An issue was discovered in Gleez CMS v1.2.0. Because of an Insecure Direct Object Reference vulnerability, it is possible for attackers (logged in users) to view profile page of other users, as demonstrated by navigating to user/3 on demo.gleezcms.org.
A vulnerability in the Gleez CMS 1.2.0 login page could allow an unauthenticated, remote attacker to perform multiple user enumerations, which can further help an attacker to perform login attempts in excess of the configured login attempt limit. The vulnerability is due to insufficient server-side access control and login attempt limit enforcement. An attacker could exploit this vulnerability by sending modified login attempts to the Portal login page. An exploit could allow the attacker to identify existing users and perform brute-force password attacks on the Portal, as demonstrated by navigating to the user/4 URI.
An exploitable command execution vulnerability exists in Information Builders WebFOCUS Business Intelligence Portal 8.1 . A specially crafted web parameter can cause a command injection. An authenticated attacker can send a crafted web request to trigger this vulnerability.
An exploitable heap corruption vulnerability exists in the Txo functionality of Antenna House DMC HTMLFilter as used by MarkLogic 8.0-6. A specially crafted xls file can cause a heap corruption resulting in arbitrary code execution. An attacker can send/provide malicious XLS file to trigger this vulnerability.
An exploitable heap corruption vulnerability exists in the iBldDirInfo functionality of Antenna House DMC HTMLFilter used by MarkLogic 8.0-6. A specially crafted xls file can cause a heap corruption resulting in arbitrary code execution. An attacker can provide a malicious xls file to trigger this vulnerability.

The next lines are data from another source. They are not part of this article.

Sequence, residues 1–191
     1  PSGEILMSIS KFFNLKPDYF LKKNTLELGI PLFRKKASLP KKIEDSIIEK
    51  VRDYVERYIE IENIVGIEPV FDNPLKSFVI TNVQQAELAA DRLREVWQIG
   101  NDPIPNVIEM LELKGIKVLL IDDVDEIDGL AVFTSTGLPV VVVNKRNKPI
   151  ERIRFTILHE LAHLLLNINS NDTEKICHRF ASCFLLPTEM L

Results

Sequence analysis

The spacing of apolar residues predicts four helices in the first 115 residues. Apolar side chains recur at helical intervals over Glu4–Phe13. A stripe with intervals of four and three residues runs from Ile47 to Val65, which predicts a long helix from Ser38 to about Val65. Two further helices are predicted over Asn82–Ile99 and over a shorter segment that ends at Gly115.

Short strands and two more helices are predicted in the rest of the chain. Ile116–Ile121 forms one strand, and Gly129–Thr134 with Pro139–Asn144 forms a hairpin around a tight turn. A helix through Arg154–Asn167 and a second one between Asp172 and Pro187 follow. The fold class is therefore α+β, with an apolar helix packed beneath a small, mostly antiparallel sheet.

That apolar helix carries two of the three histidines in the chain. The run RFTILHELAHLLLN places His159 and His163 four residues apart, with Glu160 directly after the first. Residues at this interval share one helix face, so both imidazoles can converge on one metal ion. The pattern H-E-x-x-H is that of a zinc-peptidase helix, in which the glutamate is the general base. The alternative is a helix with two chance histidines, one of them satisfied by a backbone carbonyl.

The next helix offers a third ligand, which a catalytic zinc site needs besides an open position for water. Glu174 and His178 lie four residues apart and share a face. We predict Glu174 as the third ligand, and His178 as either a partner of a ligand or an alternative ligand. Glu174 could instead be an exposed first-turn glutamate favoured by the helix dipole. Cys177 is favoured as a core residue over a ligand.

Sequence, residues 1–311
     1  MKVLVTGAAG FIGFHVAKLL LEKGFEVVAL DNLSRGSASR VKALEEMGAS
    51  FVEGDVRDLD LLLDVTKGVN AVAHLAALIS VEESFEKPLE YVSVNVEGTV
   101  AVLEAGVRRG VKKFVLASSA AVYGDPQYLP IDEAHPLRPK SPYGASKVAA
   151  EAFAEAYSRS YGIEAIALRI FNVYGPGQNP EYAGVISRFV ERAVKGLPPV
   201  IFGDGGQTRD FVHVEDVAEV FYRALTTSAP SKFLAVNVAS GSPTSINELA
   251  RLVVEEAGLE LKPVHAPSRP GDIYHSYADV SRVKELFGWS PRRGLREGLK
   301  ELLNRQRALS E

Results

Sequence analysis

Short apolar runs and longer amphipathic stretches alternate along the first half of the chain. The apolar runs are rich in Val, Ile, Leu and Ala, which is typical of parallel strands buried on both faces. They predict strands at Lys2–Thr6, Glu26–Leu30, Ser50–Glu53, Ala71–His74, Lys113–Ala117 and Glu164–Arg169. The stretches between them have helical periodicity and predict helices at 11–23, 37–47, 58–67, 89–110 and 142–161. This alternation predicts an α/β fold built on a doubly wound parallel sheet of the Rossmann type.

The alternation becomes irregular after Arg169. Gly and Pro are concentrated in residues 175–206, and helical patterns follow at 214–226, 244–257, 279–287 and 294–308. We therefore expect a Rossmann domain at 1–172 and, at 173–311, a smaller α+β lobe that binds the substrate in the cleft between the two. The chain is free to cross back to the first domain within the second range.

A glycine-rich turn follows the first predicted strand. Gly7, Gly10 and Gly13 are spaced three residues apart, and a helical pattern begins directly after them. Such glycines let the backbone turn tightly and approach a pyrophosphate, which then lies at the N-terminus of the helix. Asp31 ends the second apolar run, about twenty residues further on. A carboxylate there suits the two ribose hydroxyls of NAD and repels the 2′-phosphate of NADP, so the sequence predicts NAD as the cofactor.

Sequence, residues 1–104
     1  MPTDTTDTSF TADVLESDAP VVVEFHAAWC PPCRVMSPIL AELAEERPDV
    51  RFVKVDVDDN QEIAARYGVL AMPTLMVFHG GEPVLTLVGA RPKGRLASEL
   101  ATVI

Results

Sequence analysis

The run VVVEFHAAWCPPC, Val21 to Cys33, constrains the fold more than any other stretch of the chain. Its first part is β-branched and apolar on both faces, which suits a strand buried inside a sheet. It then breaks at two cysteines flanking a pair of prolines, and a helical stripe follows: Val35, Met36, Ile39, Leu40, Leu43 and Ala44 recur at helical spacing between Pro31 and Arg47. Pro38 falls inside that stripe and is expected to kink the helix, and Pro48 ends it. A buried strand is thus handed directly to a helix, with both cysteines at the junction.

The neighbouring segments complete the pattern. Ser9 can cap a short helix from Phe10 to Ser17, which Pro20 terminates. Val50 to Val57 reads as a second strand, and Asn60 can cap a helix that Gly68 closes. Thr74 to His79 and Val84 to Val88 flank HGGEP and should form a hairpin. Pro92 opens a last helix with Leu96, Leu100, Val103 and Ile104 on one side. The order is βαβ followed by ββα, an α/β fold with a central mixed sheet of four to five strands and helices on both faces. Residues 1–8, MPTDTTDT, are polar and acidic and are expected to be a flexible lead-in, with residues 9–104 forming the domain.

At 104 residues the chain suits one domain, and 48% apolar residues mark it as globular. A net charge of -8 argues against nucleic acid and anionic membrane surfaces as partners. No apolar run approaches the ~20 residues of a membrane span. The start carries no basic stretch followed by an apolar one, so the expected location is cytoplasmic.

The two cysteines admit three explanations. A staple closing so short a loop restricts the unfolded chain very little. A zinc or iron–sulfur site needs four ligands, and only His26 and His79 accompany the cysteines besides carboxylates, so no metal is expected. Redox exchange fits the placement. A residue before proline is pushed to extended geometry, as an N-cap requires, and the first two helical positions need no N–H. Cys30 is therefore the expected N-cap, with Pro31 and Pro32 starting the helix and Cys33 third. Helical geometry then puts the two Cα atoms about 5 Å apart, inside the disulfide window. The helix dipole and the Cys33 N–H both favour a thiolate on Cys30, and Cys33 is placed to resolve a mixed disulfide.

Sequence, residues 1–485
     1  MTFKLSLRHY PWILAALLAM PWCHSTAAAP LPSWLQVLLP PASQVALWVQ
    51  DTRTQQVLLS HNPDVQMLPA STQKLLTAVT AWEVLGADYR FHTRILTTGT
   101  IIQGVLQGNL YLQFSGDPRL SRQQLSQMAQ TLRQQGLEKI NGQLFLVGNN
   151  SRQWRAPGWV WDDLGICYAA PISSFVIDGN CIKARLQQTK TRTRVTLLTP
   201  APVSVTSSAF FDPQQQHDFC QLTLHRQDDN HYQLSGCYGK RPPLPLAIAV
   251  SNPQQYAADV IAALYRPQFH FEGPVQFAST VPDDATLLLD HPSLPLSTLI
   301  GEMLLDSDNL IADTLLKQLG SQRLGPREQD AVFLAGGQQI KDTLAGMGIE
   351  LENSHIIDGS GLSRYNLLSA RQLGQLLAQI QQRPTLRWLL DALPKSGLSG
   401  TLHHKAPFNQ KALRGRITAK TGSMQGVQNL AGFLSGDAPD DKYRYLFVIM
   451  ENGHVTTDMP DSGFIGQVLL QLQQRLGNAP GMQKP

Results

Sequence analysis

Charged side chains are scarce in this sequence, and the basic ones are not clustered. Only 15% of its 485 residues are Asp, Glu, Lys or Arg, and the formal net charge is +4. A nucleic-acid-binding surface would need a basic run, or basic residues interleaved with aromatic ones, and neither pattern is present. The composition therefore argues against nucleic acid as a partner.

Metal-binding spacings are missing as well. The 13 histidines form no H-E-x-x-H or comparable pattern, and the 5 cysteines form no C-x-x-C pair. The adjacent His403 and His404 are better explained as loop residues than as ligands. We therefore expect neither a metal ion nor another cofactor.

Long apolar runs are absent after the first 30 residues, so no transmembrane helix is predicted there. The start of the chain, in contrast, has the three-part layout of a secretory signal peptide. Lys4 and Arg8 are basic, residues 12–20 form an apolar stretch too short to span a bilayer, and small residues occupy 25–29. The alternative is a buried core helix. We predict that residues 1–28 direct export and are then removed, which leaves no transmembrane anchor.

Shifting security “left” is about more than simply changing the timing of testing. When security shifts to earlier phases of the development lifecycle, it also changes the players responsible for conducting the testing and addressing the results. In the not-so-distant past, the security team would conduct most security testing late in the software development process, pass the results back “over the wall” to developers, and consider their work done. But with the rise of DevOps, and DevSecOps, finding and fixing security-related defects is a shared responsibility between security and development. In addition, security testing has shifted further left, into the realm of the developer. The development team now has a primary responsibility for security in the development phase, and are responsible for making sure their code gets both scanned and fixed. The security team has more of an oversight role in the development phase, focusing on goals and policy. This is a significant change that requires entirely new tasks, skills, priorities, and mindset. But there is one big blocker to this change: the fact that most developers don’t have secure coding skills. Veracode recently sponsored the 2017 DevSecOps Global Skills Survey from DevOps.com and found that less than one in four developers or other IT pros were required to take a single college course on security. Meanwhile, once developers get on the job, employers aren’t advancing their security training options, either. Approximately 68 percent of developers and IT pros say their organizations don’t provide them adequate training in application security. The bottom line is that most developers won’t know what to do with a long list of security flaws.